They are one of the truly original acts in all of rock and roll. Their music is more important to the modern sound of current pop culture than all the punk bands and rappers combined. They rebelled against the standard guitar/bass formula for founding a group, and instead, relied on electronics and synthesizers to satisfy their muse. The result is some of the most important, innovative noise in the entire lexicon of resonance. Still, they are seen as sort of an enigma, a hermetically sealed entity functioning within their own little Teutonic world. To this day, Germany's Kraftwerk remains one of the seminal acts of the rock era, and their lack of public presence has only made them more mysterious. So imagine the surprise of fans worldwide when the group decided to play live again. The Minimum Maximum tour was a rousing success, and now Kling Klang Musik Films (the band's brand) in conjunction with Astralwerks has release a DVD of this amazing show. It proves that, in the realm of motherboard-made music, no one tops this legendary act.
Though some may argue that this is just a studio band meticulously recreating their sound for a decidedly addicted and fervent fanbase, Kraftwerk's stellar Minimum Maximum concert is unquestionably a spectacular experience in sonic bliss. On record (or CD), Kraftwerk's music tends to be dense and dour or light and breezy. Rarely does it meld the two to argue for the synth's secure place in the pantheon of potent rock and roll. Indeed, one of the things the band strived to overcome in the earliest part of their career is the poncey prog label that affixed itself to so many electronics-utilizing musicians. They didn't want their sound to remind people of King Crimson, Keith Emerson, or fellow Germans Tangerine Dream. Indeed, for Kraftwerk, keyboard-based sound was as much about the technology as it was the tune. Often accused of being cold, sterile and emotionless, a typical album might consist of nothing more than a couple of tracks, endless improvisations of a single song strung out via variations in the frequency and modulation of the music. The result is mesmerizing, but some find it monotonous. And since vocals are not the band's strong suit, there are very few sing-alongs in the Kraftwerk canon.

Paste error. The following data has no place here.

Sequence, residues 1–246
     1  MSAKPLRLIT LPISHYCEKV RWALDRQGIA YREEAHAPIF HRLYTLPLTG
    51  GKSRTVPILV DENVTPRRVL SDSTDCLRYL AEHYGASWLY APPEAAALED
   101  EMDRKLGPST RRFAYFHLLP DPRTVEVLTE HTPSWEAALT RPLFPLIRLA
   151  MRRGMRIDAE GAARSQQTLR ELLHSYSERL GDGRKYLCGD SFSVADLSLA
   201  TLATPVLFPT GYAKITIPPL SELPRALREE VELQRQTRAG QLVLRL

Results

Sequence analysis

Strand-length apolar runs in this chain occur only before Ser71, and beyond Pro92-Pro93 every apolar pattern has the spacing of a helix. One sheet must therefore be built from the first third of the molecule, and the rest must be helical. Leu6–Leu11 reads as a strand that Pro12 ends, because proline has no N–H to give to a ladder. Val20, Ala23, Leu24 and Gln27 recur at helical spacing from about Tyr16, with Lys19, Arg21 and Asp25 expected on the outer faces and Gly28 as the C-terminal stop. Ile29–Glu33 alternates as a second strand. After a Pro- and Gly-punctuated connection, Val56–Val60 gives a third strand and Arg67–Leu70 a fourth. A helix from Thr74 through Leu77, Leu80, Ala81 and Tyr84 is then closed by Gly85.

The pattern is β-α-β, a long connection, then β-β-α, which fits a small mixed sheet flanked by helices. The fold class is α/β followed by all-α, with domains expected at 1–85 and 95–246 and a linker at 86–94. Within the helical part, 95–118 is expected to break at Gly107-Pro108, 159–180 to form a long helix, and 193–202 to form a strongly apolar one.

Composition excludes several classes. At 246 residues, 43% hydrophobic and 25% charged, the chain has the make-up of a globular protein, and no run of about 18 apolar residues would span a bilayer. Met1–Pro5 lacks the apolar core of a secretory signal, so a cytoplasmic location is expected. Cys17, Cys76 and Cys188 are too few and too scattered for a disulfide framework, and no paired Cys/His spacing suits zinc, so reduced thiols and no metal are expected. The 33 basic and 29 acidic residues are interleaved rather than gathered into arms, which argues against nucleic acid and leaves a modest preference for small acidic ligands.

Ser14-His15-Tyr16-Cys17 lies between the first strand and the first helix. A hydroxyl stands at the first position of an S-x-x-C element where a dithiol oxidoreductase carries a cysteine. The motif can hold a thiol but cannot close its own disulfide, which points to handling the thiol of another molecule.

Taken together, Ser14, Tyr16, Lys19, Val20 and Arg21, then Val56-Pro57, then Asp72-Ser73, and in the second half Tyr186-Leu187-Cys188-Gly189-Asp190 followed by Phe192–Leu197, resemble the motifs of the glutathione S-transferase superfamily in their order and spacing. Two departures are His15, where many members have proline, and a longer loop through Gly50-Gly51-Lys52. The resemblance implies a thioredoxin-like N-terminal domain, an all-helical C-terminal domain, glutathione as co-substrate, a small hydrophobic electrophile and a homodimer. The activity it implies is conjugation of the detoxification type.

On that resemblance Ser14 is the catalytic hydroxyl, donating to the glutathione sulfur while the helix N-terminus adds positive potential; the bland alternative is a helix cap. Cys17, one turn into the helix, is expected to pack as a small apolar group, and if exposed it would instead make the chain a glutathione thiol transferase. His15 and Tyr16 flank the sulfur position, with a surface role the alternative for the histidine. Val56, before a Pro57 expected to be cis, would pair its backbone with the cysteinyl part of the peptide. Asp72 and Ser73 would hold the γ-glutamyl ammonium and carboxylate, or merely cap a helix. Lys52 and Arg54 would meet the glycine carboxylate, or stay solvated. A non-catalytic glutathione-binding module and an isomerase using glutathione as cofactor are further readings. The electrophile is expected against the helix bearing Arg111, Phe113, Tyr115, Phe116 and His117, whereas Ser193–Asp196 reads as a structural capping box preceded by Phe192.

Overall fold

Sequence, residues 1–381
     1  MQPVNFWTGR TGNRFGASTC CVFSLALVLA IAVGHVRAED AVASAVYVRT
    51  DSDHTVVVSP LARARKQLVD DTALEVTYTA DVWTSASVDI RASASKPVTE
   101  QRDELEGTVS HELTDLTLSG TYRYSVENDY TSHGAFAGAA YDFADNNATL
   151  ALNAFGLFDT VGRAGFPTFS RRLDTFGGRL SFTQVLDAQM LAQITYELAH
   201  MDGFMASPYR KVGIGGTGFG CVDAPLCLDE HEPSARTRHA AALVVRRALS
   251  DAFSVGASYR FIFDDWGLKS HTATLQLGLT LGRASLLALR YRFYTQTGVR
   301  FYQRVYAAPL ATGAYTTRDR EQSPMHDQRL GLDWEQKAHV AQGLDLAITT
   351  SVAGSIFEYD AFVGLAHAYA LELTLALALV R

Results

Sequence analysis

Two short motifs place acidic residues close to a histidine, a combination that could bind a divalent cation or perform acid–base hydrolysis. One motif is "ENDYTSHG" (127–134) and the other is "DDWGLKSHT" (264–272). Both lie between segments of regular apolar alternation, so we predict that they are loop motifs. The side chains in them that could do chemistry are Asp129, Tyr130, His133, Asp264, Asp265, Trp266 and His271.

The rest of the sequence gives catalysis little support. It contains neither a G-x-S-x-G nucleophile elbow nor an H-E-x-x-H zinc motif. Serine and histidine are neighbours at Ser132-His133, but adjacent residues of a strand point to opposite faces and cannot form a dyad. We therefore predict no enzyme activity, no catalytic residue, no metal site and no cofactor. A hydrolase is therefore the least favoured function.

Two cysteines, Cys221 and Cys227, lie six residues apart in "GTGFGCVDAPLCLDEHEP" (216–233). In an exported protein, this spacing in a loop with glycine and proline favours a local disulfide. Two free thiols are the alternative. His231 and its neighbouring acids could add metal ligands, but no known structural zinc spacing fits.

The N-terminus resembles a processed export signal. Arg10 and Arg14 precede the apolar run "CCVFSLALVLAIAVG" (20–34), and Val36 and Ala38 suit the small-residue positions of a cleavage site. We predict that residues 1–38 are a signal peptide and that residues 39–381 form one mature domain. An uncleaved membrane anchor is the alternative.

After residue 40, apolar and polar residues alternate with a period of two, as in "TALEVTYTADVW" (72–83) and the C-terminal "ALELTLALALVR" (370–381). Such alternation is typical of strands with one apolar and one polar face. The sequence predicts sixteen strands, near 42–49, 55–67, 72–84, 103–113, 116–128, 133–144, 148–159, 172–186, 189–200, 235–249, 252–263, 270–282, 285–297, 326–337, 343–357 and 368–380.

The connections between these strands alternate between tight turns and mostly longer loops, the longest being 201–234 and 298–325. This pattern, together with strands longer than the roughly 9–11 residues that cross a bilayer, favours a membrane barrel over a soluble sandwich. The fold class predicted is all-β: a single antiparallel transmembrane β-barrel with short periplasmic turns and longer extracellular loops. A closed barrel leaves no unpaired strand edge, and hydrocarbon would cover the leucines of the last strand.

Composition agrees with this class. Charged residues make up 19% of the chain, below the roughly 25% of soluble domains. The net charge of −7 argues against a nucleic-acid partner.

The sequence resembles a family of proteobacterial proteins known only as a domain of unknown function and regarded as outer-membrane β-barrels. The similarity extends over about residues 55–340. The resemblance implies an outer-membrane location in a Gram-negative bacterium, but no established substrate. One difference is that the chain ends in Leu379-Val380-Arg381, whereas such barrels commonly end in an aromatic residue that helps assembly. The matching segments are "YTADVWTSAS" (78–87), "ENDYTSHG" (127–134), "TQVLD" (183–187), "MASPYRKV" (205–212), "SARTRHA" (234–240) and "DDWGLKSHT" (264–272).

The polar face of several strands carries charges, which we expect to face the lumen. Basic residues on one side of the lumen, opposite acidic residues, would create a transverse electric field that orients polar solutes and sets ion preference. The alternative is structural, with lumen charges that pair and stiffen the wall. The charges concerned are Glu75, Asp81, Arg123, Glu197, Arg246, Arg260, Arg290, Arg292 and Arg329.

What's important about the group then, and what makes Minimum Maximum so remarkable, is that the sounds that they make tend to envelope and replace the actual atmosphere of the space they are playing in. As a result, we get the impression of resting beside the Continental countryside as the "Trans-Europe Express" rolls by, or lost in the loveliness of a well-lit strassa suggested by the seminal, sanguine "Neon Lights". Part of the power in these songs comes from the visual presentation of the music. Since Kraftwerk aren't really "playing" on stage - they do twist dials, essay the occasional melody line on keyboard and modulate the balance between tracks - they need some manner of optical wonder to wow the crowd. Combining digital imagery with archival footage, the film presentation that acts as a backdrop for the band is breathtaking. "Numbers" looks like a scene from The Matrix gone manic, while "The Model" is a reminder of the early days in fashion, before every glamour gal had to be "super" sized. Many of the movies are simple - "Vitamin" is an explosion of pills, while "Pocket Calculator" is exactly that - yet the effect is overwhelming and enigmatic. At first, it's the sound that captures our imagination. Then the films come along and paint in all the details.